Dalai Lama’s close aides targeted on Pegasus spyware list

‘Analysis indicates that the Indian govt. was selecting the potential targets’

Several of the top India-based aides to the Tibetan spiritual leader, the Dalai Lama, figure on the list of potential targets for spying using the Pegasus spyware, according to a report on Thursday.

The phone numbers of the Dalai Lama’s aides were among the list of 50,000 numbers accessed by Forbidden Stories and Amnesty International and shared with 17 media organisations. One of those organisations, The Wire, reported on Thursday that several phone numbers of top Tibetan officials in Dharamsala “were marked from late 2017 to early 2019”.

Another one of those organisations, The Guardian, said “analysis strongly indicates that the Indian government was selecting the potential targets.”

The inclusion on the list, which means the numbers were targeted for monitoring, does not necessarily mean the numbers were infected by the spyware. Confirmation would require analysing the devices in question.

Israel’s NSO Group has said the numbers are not a list of targets of its Pegasus spyware and were not selected by the group. It has also said its clients mostly include “vetted” government agencies ostensibly to help them fight terrorism.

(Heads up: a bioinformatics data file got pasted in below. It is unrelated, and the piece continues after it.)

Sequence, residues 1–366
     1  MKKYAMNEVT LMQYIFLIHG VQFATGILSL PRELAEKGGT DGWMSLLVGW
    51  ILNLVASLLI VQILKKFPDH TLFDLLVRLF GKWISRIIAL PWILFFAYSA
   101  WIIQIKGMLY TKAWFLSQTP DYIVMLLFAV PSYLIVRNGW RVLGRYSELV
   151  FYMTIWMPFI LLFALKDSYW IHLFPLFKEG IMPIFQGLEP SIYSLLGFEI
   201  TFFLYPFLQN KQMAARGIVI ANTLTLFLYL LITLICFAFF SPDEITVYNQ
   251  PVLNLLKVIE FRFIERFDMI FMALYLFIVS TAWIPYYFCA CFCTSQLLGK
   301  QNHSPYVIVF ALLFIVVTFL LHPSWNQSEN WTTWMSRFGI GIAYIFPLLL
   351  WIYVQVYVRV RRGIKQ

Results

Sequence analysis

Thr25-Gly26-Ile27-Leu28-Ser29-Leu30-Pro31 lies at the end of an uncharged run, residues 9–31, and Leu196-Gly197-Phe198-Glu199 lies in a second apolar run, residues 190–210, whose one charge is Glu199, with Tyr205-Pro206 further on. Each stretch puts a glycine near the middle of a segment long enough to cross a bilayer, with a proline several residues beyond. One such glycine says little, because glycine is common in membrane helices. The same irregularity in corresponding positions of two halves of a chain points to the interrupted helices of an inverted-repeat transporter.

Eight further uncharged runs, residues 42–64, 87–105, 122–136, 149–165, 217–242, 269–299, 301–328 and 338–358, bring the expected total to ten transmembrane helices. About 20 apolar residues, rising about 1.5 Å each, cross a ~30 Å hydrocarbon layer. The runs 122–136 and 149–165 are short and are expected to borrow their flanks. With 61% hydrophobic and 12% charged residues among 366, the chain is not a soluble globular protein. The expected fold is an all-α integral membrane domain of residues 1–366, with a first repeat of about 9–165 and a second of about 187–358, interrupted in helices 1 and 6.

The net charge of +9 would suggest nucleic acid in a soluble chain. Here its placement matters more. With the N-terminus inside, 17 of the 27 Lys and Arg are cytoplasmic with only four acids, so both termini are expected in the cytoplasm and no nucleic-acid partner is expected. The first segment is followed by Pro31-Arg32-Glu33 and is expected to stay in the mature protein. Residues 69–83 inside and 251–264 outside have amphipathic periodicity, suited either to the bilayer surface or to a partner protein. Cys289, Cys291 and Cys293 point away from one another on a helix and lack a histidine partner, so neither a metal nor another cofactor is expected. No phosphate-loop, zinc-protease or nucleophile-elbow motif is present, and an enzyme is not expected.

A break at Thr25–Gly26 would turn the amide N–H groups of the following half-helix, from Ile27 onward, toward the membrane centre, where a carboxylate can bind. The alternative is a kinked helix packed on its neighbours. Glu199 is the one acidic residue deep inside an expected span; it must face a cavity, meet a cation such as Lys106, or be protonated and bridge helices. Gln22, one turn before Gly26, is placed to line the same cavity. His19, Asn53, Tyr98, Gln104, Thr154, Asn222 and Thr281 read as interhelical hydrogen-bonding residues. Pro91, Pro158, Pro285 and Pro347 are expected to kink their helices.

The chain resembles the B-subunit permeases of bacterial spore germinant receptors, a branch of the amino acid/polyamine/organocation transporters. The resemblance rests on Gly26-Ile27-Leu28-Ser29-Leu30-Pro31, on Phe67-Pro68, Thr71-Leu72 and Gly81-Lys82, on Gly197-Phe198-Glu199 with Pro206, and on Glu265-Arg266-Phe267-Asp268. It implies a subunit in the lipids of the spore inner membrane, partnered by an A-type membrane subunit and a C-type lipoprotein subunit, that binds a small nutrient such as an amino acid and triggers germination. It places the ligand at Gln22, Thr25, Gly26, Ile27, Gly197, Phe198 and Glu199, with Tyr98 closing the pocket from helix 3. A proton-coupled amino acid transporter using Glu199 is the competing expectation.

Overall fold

India-based client

The Wire reported the inclusion of the numbers of top officials based in Dharamsala “indicate[s] that the targets may have been selected by an unknown India-based client of the NSO Group”. The Government of India has neither confirmed nor denied it is a client.

Thursday’s report suggested whatever entity placed the numbers on the list may have had a special interest in keeping abreast of the Dalai Lama’s interactions with foreign governments, particularly with the U.S. It noted that the number of long-term envoy Tempa Tsering appeared on the list during a period coinciding with the Dalai Lama’s meeting with former U.S. President Barack Obama in New Delhi.

Other top aides of the Dalai Lama were also on the list, including Chhime Rigzing Chhoekyapa and Tenzin Taklha, who have also served as spokespersons for the Dalai Lama. Also on the list was Lobsang Sangay, who served as Sikyong of the Dharamsala-based Central Tibetan Administration (CTA) until May this year. At the time of writing, the CTA had not commented on the report.

When asked on Thursday about whether diplomatic missions including the U.S., the U.K., Afghanistan, China, Iran and Pakistan had contacted the government about the alleged hacking of phones belonging to top diplomats and other staff, Ministry of External Affairs spokesperson Arindam Bagchi declined to comment, saying detailed responses to the ongoing controversy had been dealt with by the government in Parliament.

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